86. Wilfried
    July 9, 2005 at 3:02 pm

    RT in #63 proposed a hypothesis: “members of the church in Latin America will be unusually unsuccessful in transmitting Latter-day Saint beliefs to their children. In addition to the high rates of inactivity and defection among adult members through most of the continent, the strong presence of Catholic values in most of the educational system may tend to counterbalance the efforts of family and church.”

    I do not know the Catholic church in Latin America (I have only a certain image of it, of, yes, deep devotion and strong traditions), but the suggested impact certainly does not count for Catholicism in many West-European countries. Let me limit it to Belgium and Holland, which I know best: here you have a phenomenon where (most if not all) Catholics have lost all literal belief in Bible stories. The demythologisation of the sixties has been profound. Catholic values in the Catholic educational system, compared to past exteriorization, have virtually disappeared.

    That in turn allows for a transfer of Nate’s question: would young Catholics, who get liberal views from their parents and in their own schools, remain active in the Catholic Church? We know the answer. Yes and no. YES (for a portion of them) in terms of continuing some traditions, like marrying in the Church, have their babies baptized, have their kids participate in the Communion highlight at age 12, and be buried in the Church. Purely social function. NO in terms of faith and commitment like young Mormons do. NO in certain aspects of morality: a young couple will live together for years (“in sin”), then one day decide to get married in the Church. And that’s not a problem for the priest. These young people give no heed to Catholic rules pertaining to sexuality, and even abortion may be part of their lives “if necessary”. Consider also that the Catholic Belgian political party voted in favor of abortion and SSM. So, to come back to the hypothesis by RT, the Catholic Church and its values, at least in our area, would have little appeal to doubting Mormons. I never heard of a Belgian Latter-day Saint reconverting to Catholicism.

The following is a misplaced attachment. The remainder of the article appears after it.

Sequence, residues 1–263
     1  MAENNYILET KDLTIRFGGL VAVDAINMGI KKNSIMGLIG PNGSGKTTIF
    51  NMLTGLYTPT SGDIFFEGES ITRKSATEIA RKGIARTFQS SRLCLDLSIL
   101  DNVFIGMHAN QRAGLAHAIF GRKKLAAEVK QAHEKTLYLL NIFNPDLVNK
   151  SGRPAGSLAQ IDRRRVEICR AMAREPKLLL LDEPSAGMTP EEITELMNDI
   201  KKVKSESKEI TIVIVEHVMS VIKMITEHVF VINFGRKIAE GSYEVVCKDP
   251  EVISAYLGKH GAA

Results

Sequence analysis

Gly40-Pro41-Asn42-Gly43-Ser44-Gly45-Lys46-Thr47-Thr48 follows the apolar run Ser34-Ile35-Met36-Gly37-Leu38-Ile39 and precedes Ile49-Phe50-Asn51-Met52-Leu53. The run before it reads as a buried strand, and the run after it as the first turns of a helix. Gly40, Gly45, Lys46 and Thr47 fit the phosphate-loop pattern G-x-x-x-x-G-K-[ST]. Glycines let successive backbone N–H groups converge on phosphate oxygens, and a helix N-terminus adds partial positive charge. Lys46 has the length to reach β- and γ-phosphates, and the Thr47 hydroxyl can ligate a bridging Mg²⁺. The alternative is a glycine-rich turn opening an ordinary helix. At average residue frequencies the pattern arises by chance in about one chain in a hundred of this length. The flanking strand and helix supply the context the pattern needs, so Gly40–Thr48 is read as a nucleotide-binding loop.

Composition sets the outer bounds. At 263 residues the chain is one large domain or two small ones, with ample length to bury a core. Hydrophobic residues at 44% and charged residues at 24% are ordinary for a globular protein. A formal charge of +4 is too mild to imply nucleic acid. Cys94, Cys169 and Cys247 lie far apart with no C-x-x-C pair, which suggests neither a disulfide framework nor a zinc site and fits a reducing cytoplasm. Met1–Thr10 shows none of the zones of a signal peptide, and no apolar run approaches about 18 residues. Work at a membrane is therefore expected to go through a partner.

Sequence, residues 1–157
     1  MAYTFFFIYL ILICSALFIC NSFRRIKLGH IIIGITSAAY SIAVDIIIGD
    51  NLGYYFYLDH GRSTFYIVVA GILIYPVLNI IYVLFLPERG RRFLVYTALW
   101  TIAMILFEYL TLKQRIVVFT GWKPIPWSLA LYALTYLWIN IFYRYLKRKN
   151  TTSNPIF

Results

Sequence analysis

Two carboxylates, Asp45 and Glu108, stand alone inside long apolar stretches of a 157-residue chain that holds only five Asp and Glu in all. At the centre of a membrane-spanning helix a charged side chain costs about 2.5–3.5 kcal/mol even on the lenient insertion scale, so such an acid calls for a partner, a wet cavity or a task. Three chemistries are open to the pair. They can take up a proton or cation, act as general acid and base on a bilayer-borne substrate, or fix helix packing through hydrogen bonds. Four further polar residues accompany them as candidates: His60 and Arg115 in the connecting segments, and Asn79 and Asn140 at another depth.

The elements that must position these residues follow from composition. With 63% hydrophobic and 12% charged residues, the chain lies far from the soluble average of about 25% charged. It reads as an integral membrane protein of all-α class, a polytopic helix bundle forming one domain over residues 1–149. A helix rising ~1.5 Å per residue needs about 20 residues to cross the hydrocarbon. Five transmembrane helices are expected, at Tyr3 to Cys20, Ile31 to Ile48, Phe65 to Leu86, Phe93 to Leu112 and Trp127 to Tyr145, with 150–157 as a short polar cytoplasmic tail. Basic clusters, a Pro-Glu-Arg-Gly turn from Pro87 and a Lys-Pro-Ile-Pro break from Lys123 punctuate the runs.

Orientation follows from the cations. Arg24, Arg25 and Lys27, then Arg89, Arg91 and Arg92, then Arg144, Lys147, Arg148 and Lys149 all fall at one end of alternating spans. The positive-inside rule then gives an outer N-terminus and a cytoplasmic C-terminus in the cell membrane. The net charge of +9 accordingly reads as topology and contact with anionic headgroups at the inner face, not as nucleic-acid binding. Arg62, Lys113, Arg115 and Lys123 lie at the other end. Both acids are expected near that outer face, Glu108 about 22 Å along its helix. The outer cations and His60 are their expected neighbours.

But the comparison shows that, like in some other religions (Judaism was mentioned), Catholics may be “active” in their Church, while not believing anything literally any more.

  87. alamojag
    July 10, 2005 at 12:32 am

    I think Wilfried makes an excellent point. Once the core theology is gone, what is left is the social culture. I think that passing on the social culture in Mormonism would be much more difficult. Think of all the cultural milestones: baptism at age eight; for the boys, ordination to the priesthood, deacons at twelve, teachers at fourteen, priests at sixteen. And then the mission at nineteen, and finally the temple marriage. For girls the program isn’t quite as structured, but there is still the Young Women’s program. What else is there culturally? Scout camp, girls’ camp, youth conference.

    Although it happens otherwise, participation in most of those activities usually requires talking with a priesthood leader and answering some questions, most of which talk about the core beliefs and practices. It was hard enough for me to conform to those practices when I didn’t have troubles with the beliefs. As Wilfried points out, these are NOT purely social functions. They require some form of faith and commitment.

  88. Taylor
    July 10, 2005 at 8:31 am

    No need to apologize! You may to a certain extent be right, but I think our difference of opinion is perhaps linked to personal disposition more than anything else. I think that I tend to hold the overwhelming majority responsible for the minorities it excludes rather than blame the minorities for a lack of acceptance of the majority point of view. I don’t expect herculean “tolerance” from a group of people who want to be faithful, but who are routinely silenced, regarded with suspicion, denied important church callings, and who have to constantly defend why they should be members of the church at all. I don’t deny that there are some obnoxious know-it-alls who expect the church to revolve around whatever they happen to think is right, but I think that their vocality is perhaps the result of having no one listen to them ever. If their views were more tolerated, perhaps they wouldn’t feel the need to be so vocal.